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On Religion: Speeches to its Cultured Despisers - schleiermacher

Friedrich Schleiermacher, a Protestant theologian, philosopher, and educator, who wrote On Religion: Speeches to its Cultured Despisers (1799), ventured into Christian dogmatics in a non-conventional yet avant-garde manner. His new approach to critically analyzing religion signaled the beginning of the era of Protestant Liberal Theology whilst simultaneously placing his book among the “classic” substantive works that speaks to “religion and Christian faith” (Schleiermacher vii).

Schleiermacher, sometimes called the “father of modern theology,” believes shreds of faith are present in knowing (doctrine) and doing (ethical action), but it is most fully encapsulated by a kind of “feeling” or intuition, the “feeling (consciousness) of absolute dependence.”

Faith belongs to two levels: the foremost, which is the “immediate” self-consciousness and the second, which is the “sensible” self-consciousness (Schleiermacher 36). The latter refers to the self in relation to the world. The ‘world’ consists of nature and society. Therefore, the two levels are inexorably linked.

He proposed to the “cultural despisers” of religion that when they rejected traditional dogmas, they were not in essence rejecting the faith upon which it was founded. They despise dogma and its application in the societal realm which parallels to one’s distaste for the shell and not the peanut within; they are fixed upon its trappings. The same principle pertains to defenders of religion since they do not defend religion either; it is a mere buttress for morals and social institutions. To truly ascertain religion, one must close his/her eyes to false appearances and associations ingrained by history and society, and delve into the self-interior of one’s pious soul.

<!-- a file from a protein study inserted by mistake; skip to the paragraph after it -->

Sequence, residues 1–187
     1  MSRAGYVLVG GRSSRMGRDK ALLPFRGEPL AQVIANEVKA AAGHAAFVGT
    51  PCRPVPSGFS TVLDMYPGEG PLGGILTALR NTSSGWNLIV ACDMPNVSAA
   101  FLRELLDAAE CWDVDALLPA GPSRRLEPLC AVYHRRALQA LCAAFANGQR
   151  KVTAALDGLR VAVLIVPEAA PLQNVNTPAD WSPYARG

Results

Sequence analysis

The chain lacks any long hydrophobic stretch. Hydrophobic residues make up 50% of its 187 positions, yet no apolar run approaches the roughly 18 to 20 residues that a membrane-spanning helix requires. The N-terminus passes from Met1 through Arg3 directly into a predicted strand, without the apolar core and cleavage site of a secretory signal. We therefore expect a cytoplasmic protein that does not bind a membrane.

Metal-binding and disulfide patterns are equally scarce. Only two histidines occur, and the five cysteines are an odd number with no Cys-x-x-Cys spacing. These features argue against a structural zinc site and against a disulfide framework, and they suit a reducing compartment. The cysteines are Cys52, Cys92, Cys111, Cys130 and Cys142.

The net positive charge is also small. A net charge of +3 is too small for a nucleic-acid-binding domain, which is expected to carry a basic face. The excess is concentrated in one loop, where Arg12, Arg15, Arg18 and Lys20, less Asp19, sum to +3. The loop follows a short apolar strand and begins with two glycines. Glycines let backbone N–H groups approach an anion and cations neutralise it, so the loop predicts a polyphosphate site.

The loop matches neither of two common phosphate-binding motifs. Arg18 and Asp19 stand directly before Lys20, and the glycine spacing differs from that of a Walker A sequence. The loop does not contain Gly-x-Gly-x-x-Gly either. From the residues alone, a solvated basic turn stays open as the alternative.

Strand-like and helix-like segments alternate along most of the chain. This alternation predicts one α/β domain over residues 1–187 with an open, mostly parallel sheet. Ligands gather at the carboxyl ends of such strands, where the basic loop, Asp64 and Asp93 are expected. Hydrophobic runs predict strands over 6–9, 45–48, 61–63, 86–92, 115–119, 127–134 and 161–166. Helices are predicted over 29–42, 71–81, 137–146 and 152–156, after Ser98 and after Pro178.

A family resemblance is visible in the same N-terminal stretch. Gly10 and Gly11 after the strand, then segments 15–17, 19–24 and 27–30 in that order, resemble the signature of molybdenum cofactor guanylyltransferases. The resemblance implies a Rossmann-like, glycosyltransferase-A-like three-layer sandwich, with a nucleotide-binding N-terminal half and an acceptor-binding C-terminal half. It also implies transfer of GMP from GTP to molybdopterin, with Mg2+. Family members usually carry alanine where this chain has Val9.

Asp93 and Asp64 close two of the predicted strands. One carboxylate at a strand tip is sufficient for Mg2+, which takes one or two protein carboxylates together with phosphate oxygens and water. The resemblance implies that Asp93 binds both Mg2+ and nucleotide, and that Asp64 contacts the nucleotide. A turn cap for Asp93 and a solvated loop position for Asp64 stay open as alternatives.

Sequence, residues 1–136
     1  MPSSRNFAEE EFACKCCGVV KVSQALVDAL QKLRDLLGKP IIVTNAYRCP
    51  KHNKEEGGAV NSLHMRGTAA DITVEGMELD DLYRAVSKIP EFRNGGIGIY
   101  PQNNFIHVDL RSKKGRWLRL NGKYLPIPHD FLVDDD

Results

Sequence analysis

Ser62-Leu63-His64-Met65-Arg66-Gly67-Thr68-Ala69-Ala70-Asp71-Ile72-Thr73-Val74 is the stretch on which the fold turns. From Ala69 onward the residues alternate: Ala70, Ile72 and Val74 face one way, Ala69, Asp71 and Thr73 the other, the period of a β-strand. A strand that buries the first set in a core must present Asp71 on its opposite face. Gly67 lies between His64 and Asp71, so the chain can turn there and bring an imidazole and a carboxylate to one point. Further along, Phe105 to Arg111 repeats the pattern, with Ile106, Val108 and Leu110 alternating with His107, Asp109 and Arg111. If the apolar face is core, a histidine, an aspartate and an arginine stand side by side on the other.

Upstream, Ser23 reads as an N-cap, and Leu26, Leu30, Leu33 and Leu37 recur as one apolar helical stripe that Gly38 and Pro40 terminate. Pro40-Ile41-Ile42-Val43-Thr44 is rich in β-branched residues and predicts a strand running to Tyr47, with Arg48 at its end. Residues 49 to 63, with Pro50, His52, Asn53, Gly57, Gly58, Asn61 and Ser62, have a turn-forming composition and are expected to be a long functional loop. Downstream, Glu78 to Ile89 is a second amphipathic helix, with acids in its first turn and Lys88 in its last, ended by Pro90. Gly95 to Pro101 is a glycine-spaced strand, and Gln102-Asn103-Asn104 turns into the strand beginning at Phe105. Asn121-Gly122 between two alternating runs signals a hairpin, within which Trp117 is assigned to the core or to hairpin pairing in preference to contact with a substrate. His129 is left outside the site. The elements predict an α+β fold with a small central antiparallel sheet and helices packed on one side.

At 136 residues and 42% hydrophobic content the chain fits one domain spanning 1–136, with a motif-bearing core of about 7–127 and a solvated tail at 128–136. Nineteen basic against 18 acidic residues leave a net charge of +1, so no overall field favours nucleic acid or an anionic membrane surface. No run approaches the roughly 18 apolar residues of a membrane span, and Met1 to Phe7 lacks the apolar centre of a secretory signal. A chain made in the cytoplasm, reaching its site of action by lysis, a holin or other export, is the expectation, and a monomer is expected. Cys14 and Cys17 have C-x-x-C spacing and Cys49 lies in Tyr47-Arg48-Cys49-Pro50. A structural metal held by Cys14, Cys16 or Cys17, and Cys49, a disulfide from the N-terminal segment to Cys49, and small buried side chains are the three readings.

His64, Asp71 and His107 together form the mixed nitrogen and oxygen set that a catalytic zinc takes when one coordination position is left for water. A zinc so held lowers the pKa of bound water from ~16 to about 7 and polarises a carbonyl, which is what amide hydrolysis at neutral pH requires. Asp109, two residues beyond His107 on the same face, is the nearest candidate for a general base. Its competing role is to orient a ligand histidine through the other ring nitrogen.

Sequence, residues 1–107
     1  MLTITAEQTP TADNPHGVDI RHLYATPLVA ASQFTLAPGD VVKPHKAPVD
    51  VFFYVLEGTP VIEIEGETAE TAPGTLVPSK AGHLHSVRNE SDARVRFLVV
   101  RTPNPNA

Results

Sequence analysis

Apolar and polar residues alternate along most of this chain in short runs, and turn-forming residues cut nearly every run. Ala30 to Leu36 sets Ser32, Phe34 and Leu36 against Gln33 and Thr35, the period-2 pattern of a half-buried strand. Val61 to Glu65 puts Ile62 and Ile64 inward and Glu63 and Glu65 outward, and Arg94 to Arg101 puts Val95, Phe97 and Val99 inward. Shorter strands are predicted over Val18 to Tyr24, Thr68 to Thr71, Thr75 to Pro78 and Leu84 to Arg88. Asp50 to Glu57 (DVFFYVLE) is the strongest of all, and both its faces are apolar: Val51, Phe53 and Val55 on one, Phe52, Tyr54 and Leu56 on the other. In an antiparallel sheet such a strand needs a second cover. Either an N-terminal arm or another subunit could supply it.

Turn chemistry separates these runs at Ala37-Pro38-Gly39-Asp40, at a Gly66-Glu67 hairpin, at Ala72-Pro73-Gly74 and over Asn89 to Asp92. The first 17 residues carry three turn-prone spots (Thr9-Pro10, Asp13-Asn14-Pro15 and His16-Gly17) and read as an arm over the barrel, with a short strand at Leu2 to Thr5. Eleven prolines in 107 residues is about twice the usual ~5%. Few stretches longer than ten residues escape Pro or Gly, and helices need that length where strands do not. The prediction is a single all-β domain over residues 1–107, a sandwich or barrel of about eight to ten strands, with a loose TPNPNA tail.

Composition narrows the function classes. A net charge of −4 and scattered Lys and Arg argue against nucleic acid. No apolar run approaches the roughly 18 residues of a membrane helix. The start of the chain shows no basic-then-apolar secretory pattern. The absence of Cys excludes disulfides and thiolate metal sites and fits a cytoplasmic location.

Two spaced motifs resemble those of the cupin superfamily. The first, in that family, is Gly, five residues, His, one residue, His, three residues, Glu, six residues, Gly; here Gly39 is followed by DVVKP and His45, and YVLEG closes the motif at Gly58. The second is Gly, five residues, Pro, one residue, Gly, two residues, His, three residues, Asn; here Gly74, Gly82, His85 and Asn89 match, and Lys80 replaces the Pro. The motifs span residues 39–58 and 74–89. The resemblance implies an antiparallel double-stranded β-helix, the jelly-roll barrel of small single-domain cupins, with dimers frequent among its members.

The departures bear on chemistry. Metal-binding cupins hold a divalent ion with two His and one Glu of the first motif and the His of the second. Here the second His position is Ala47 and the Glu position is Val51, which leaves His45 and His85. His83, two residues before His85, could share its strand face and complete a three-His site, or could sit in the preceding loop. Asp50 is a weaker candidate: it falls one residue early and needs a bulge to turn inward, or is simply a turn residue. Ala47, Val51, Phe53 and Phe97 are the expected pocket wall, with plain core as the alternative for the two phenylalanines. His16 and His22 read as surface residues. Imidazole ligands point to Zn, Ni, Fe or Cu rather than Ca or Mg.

Every human being is or has the potential to be to be a devout soul. The difficulty arises in the process of self-dissection or introspection. When one exhumes the “feeling” for the unity underlying the interconnectedness of all finite things, one experiences faith. [Schleiermacher uses faith, piety, and religion interchangeably.] Religion is the contemplation of the pious; it is about having life and knowing it a certain way.

Religion, at its core, is not “the intellect” (i.e. objective knowledge) or “the will” (subjective knowledge). Objective knowledge refers to reason and one’s perception of the world whereas subjective knowledge is that which pours forth from experience and personal idiosyncrasy. As an infant the boundary between subject and object melts away; the synthesis of the two is “feeling.” This is the raw experience of existence that cannot be completely articulated because it would then belong to “the intellect.” Religion, properly understood, is intrinsic to all human persons; it is the highest expression of self-consciousness and at its best is also God-consciousness.